Slow Roasted Kahlua Pig

This is one of those personal recipes with a little background story. You can find the story on a prior posting; Kahlua Pig in a Crockpot. My Slow Roasted recipe below is the inspiration for my crock pot rendition of the same dish. Not only does the earlier posting give you a bit of background for the recipe itself, it also provides you with the option of using a crock pot rather than an oven to slow roast your “pig”. While both methods are delicious, the use of a clay pot and slow roasting in the oven does produce a pig that more closely parrots the real deal of a Hawaiian Luau.

Just as I did with my Crock Pot rendition for Kahlua Pig, once again I cannot emphasis enough the importance of your salt selection for Kahlua Pig. Alaea Salt from Hawaii is a must and for the real deal in flavor, there are no substitutes. As tempting as it may be, DO NOT reach into your spices and pull out table salt, regular sea salt or kosher salt. While you could use other salts, Alaea Salt contains two  key elements – salt from the seas of Hawaii and Hawaiian Clay. No other salt contains the clay of Hawaii, and therefore no other salt can impart that Hawaiian earthy flavor quit like Alaea Salt can. While sea salt is normally a silver-white crystal, Alaea Hawaiian Clay Salt is a glorious reddish-brown. The salt is naturally processed by hand, and mixed with the volcanic rich clay of Hawaii. This clay is a big part of the salt, making it rich in iron and about 80 other minerals the human body needs to function properly. Alaea Salt comes from the salt farms of Molokai, the tiniest and least developed of the Hawaiian islands. Both the ocean where the unrefined sea salt is collected and the alaea clay are pure, devoid of industrial pollutants. Imagine, a salt that is good for you! You can buy the salt in small bags at World Market, or order it on-line. Personally, I think Alaea Clay Salt plays a huge role in the flavor of the pork. It’s the next best thing to digging a pit on a Hawaiian island and roasting a pig deep in the ground.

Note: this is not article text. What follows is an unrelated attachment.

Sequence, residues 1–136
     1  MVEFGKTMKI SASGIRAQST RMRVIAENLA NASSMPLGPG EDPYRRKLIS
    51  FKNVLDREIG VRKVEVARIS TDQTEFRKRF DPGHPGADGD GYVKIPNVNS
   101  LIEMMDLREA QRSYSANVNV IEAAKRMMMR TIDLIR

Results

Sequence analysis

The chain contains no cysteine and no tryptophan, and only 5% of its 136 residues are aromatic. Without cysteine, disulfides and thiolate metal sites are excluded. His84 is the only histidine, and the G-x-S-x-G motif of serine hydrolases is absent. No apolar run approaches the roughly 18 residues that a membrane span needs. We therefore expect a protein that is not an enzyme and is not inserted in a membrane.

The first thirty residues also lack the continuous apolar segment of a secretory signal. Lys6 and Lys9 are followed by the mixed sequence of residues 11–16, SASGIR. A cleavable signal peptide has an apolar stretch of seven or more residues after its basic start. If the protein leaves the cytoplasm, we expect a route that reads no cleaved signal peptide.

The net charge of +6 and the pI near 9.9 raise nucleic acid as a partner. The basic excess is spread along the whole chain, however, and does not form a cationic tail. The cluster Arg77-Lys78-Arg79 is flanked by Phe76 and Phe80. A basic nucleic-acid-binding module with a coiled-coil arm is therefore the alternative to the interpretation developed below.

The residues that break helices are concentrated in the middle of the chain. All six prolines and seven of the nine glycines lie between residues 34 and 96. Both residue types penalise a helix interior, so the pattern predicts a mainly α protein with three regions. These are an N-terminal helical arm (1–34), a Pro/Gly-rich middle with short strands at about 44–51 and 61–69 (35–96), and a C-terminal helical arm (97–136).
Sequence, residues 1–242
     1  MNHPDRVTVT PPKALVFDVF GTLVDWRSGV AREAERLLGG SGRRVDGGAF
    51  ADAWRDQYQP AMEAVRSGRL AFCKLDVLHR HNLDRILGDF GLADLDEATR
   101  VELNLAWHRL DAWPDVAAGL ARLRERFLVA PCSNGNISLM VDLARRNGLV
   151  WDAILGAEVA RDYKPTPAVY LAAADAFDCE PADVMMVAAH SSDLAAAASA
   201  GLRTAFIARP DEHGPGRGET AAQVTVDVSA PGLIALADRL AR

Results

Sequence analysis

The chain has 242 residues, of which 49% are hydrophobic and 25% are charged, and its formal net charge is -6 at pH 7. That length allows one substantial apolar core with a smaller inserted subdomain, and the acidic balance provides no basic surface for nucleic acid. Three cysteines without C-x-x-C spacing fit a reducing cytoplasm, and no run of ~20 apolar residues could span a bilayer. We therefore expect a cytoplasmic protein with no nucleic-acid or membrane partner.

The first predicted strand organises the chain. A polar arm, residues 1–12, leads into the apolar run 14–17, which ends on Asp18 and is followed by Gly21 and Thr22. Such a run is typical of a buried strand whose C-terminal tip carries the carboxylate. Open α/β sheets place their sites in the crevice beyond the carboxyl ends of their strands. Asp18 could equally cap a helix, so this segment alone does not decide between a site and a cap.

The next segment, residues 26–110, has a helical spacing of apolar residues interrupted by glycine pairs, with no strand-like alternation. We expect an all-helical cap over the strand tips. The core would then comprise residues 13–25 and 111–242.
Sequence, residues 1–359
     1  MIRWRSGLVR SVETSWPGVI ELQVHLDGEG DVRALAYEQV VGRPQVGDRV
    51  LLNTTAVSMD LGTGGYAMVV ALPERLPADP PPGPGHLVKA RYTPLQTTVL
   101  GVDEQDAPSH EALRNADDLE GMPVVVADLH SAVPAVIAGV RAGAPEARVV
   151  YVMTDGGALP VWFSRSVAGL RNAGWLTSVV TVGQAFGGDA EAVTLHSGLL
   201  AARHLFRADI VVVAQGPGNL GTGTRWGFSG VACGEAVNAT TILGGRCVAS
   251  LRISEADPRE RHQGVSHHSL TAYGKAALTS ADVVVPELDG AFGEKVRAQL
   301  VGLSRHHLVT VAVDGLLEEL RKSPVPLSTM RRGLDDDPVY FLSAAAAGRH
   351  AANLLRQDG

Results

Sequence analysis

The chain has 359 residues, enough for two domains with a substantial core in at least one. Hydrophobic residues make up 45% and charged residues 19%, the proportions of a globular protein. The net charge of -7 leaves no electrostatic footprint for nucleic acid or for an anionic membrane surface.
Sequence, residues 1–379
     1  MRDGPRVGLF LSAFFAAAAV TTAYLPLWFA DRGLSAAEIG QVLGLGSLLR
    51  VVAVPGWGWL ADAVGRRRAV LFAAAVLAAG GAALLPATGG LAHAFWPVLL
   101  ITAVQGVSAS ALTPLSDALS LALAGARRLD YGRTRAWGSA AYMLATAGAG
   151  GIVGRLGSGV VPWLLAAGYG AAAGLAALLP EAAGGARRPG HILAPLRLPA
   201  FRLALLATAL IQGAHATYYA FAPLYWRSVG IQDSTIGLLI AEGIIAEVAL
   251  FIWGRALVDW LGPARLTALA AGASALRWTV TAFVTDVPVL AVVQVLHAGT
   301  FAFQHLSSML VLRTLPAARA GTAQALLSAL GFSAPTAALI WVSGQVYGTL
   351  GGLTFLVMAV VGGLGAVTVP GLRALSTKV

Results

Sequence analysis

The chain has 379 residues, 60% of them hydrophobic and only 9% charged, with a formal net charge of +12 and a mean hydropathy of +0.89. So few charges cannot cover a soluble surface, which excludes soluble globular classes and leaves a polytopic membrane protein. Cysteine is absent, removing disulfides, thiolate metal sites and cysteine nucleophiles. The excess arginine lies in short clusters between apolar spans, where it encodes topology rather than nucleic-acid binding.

Traditionally, a pig is roasted for as much as eight hours in an underground oven called a  imu. A fire made from mesquite wood is build in the pit. Rocks are placed in the pit to retain the heat long after the flames of wood has burned down. Once the rocks are heated, the pit is lined in banana leaves, just as the meat is wrapped in the same leaves. Wet burlap buries everything in the ground, allowing the smoke to circulate while the leaves help keep everything moist. While we don’t have access to banana leaves where I live, I find the use of banana peels aids in the slow roasting process, imparting a sweet tropical flavor while aiding in the whole smokey steam thing. Don’t worry that the banana peel will eventually turn black. During the final cooking, simply toss the peel as it won’t be a part of the final presentation.

Slow Roasted Kahlua Pig
2 lbs Pork Loin
2 Can Chicken Broth
Liquid Smoke to taste (about 1-2 tablespoons)
1 Tablespoon Alaea Salt or to taste
4 Banana Leaves or 1 Banana Peel (optional)
1 Head Green Leaf Lettuce, for serving (optional)

Preheat oven to 325-degrees.

Score pork on both sides. Rub about a handful of Alaea Salt over entire pork loin. Take care not to over-salt, seasoning can always be adjusted during final cooking process. Sprinkle pork with liquid smoke – simply place your finger over the bottle opening and gently shake over entire pork loin.

Place seasoned pork in a clay pot with a lid. Drape banana leaves or banana peel over top of pork. Add chicken broth to pot, cover and place in the oven to “roast”.

Cook undisturbed for 1 ½ to 2 hours. Discard banana leaves/peel and break pork apart using a fork.

Reduce oven to 300-degrees. Continue to cook covered, checking periodically and flaking meat with a fork.

Add additional chicken broth if necessary to keep pork moist. Cook until meat falls apart easily, about 1 ½ to 2 hours longer. When the pork is nearly finished, taste and adjust seasonings (adding small amounts of salt and/or liquid smoke as needed). Be gentle when adding more salt or smoke – you can always add more, but you can’t take back too much.

Remove from oven, pull apart using large fork. Cover and let rest in pot to soak up remaining liquid, about 10 minutes.

A nice presentation would be to line a serving platter or individual plates with lettuce leaves. Top leaves with sticky rice, and serve pig over rice. Drizzle with a little juice and garnish with a pretty tropical flower. If you are unsure of the flower, use an artificial one. Just be sure to wash well first.

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